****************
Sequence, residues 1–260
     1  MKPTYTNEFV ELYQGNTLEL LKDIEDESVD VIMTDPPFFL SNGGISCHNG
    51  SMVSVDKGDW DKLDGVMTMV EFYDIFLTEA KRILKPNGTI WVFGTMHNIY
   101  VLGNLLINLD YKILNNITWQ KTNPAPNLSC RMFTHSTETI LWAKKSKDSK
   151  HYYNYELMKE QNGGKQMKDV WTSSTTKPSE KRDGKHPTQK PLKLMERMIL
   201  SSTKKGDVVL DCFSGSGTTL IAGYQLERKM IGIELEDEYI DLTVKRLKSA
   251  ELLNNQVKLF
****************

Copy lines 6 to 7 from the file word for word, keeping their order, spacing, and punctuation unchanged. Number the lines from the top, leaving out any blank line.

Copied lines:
   201  SSTKKGDVVL DCFSGSGTTL IAGYQLERKM IGIELEDEYI DLTVKRLKSA
   251  ELLNNQVKLF